Steve had been given dossiers on the Avengers Initiative, with a metaphorical wink and the statement, "It's an old, defunct project. But you might find it of interest."
He had. There were four files, then -- Clint and Thor would come later. As it stood, there was a giant green ogre like something out of a fairy tale, a Russian woman trained as a spy, himself, and Anthony Stark.
Anthony was eighteen years old, a fighter of some renown in this new world. When he was sixteen, already an orphan, he'd been abducted and held for ransom by a gang of would-be terrorists while on a trip with his father's business partner, Obadiah Stane. Stark promised to make the rebels weapons and instead had built a sort of walking tank, immensely powerful, and escaped. He'd returned to America a more-or-less hero, and announced that when he inherited the company at twenty-one he would shut down weapons manufacturing. Obadiah Stane -- still his legal guardian, then -- had died in a second attempt to kill him.
A woman named Virginia Potts had seized control of his company and guardianship of Stark, but SHIELD said Stark directed the company's progress through her. Potts had already discontinued their defense contracts and steered the company towards technology. Others had died since, trying to kill Stark (and Potts) or steal what was his.
Anthony was a child with blood on his hands. Steve understood the feeling. And yet -- the Iron Man armor had been withheld from the military for as long as it could be, and Stark didn't fight on any particular side. He fought for himself, defended only himself.
He was also Howard's son, fathered in the twilight of Howard's life with a very young, a scandalously young wife. He'd been raised mostly by tutors and household staff, but Howard had clearly had some influence before he died. Even in the flat, static photographs, Steve could see Howard's defiant, clever spark in his son's eyes, the father's closed-off self-interest in the boy's expression. Anthony was so thoroughly modern, a part of this self-obsessed era of America, and his antics in the press were outrageous if even half of them were true.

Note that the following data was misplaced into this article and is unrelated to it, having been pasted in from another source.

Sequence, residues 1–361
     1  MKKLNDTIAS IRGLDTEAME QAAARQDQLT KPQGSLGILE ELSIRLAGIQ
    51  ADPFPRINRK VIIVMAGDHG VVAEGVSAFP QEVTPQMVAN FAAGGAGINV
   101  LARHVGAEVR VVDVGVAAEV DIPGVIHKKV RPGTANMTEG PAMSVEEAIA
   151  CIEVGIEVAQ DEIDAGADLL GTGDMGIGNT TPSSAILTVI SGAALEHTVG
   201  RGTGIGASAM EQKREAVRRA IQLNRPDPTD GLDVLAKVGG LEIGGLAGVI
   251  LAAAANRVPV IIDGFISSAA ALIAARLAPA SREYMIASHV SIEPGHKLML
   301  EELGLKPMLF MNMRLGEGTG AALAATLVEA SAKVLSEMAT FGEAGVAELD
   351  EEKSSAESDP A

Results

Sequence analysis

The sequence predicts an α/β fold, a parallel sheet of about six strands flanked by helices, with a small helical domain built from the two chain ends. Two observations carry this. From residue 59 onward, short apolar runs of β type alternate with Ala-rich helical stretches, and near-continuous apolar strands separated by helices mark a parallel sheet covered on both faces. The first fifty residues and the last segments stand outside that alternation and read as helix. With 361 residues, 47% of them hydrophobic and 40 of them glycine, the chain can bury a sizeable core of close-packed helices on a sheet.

The first time they met, Anthony was loud rock music and strange nicknames, eyerolls and sarcasm and pointed remarks (perhaps Steve took them rather more pointedly than intended) about his age. Then, between his own angry confusion about the twenty-first century and Loki's staff prodding them all into antagonism, he perhaps hadn't shown Anthony as much compassion as he could have. Of course the boy fought for himself; he had to defend what was his, and nobody else would do it while men thirty years older than him were trying to kill him because of corporate politics.
Anthony's voice had been so young when he'd taken control of the bomb, that day they fought the Chitauri.
"You know that's a one-way trip," Steve had said.
Anthony hadn't answered. And Steve had given him at least this much respect: he hadn't told him he was too young for that sacrifice. After all, he'd seen younger men die in war.
The day they sent Loki and Thor home, Anthony had come up to him, all gangling limbs and high cheekbones and messy hair, and stuck out his hand and said, "Pleasure working with you, Captain."
"You too," Steve had replied, shaking the offered hand. Dr. Banner and a tall, pretty redheaded woman were waiting nearby.
"I guess I gotta go," Anthony said.
"That your girl?" Steve asked, tipping his head slightly at the woman.
"Hah! I wish. She runs Stark Industries, that's Pepper."
"Are all of you kids?" Steve asked, and had then instantly regretted it.
Anthony just grinned. "She's twenty-nine, she'll be flattered. Made her first millions writing code for social media when she was fifteen, but she likes business better. Got her MBA at twenty. I don't call us kids; I call us prodigies. She's setting Dr. Banner up on the payroll, I'm giving him a lab."